and your definitive assertion is based a far less foundation than mine in saying that 1) by saying it, he meant it, and 2) by urging one thing and then immediately urging another thing the two things are deemed to be related and compatible.

Quote:
Fred Little wrote: View Post
Your position that Ueshiba's language was, on the one hand "metaphorical" and on the other hand so "definite" that you can reify that "definite" meaning into a "definitive meaning" is heremeneutically suspect as anything other than a statement of faith.
You misread. Only one part of the statement was metaphorical; the other expressly pointed toward a reified understanding, which was my point. And I am not a "hermeneutical suspect." --- I am "guilty, guilty, guilty..."

Quote:
Fred Little wrote: View Post
Your suggestion that anyone has "impeached" the translators is overblown hyperbole.
True that it would be hyperbole. They merely indicate a desire to do so, and have not actually. And -- that is not what I said.

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Fred Little wrote: View Post
Not that any of the above has jack to do with actual practice, which remains primary.
Which I actually think that I did say. I have a broader and more unitary conception of practice than you appear to.

Cordially,

Erick Mead
一隻狗可久里馬房但他也不是馬的.
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Old 03-16-2007, 02:28 PM   #128
Erick Mead
 
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Re: Aikido as External Art -or- Where's the Chewy Center?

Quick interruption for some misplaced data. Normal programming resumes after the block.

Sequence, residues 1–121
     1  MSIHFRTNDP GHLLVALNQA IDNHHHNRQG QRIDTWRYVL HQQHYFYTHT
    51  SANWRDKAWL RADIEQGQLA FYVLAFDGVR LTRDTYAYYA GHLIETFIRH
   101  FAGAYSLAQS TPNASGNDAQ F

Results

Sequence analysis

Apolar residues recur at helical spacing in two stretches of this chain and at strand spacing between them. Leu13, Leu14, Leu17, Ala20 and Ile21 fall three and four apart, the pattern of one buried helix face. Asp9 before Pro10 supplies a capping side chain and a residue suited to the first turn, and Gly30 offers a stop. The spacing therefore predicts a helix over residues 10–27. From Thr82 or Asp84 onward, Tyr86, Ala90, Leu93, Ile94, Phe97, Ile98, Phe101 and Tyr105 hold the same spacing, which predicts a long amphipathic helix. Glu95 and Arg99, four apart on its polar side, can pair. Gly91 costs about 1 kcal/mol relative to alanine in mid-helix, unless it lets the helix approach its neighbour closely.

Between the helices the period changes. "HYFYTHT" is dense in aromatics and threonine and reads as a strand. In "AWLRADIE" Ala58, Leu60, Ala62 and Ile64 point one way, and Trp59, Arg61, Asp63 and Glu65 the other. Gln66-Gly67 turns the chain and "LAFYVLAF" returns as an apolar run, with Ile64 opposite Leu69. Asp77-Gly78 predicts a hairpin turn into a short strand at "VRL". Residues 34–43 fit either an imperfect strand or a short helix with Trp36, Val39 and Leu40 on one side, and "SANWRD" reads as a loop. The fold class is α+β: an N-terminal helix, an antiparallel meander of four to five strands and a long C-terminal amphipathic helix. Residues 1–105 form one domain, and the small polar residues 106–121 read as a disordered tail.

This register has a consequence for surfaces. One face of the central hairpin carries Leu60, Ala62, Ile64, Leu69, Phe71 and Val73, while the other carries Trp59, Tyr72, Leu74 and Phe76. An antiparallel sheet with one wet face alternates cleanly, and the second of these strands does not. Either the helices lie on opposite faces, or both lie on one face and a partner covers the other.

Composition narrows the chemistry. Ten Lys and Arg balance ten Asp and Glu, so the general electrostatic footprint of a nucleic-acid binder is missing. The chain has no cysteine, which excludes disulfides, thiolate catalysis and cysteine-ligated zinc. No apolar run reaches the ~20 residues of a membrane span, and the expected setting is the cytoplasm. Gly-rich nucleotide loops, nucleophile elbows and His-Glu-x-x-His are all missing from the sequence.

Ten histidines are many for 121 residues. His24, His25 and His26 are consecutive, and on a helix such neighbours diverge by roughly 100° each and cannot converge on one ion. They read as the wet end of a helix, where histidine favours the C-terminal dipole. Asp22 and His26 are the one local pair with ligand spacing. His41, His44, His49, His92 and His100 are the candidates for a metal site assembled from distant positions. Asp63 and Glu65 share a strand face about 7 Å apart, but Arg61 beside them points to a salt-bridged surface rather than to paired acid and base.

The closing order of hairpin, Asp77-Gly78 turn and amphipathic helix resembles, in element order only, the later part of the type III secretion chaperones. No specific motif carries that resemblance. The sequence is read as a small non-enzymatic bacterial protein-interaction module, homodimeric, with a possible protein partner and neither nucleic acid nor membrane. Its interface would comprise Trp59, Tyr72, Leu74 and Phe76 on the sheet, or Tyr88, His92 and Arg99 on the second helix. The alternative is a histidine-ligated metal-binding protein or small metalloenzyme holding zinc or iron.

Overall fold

Quote:
Fred Little wrote: View Post
At the risk of self-a-gander-izement, might I ask that you kindly refrain from beating others with a rhetorical stick you've wrenched from my hands?
Nah. It was just laying around. Or maybe running around loose, flapping and honking. I can never keep these third party mixed metaphor things straight.

Cordially,

Erick Mead
一隻狗可久里馬房但他也不是馬的.
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Old 03-16-2007, 02:38 PM   #129
Fred Little
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Re: Aikido as External Art -or- Where's the Chewy Center?

Quote:
Quote:
Fred Little wrote:
I did not make any comment about the utility or inutility of scientific inquiry. Any assertion that I did is categorically false.
No. You said that I could not know that he meant to conjoin the two. I can. Because he did. Conjoin the two. In his statement, which put them together. Which is his until somebody shows it isn't, instead of merely hinting darkly at unspoken reasons for doubt.
Together….as mutually necessary correctives to their differing systemic lacks, which is rather different than together as mutually validating.
Quote:
Quote:
Fred Little wrote:
With regard to the "compatibility" of metaphorical versus empirical description, I assert that the two modes depend on two utterly different sets of descriptive symbols with utterly different rules of operation and thus, are not directly comparable. ...."compatiblity" or "incompatibility" of metaphorical or empirical descriptions is of less relevance than the possible complementary utility of the descriptions, which is a rather different matter.
Not in this context. I chose the word "compatibility" advisedly for the context of our art: ."compatible" = "capable of existing together in harmony." Comparability is an entirely different thing
So the "not in this context" notwithstanding, you have apparently agreed that "complementary utility" is a valid form of "compatability."
Quote:
Quote:
Fred Little wrote: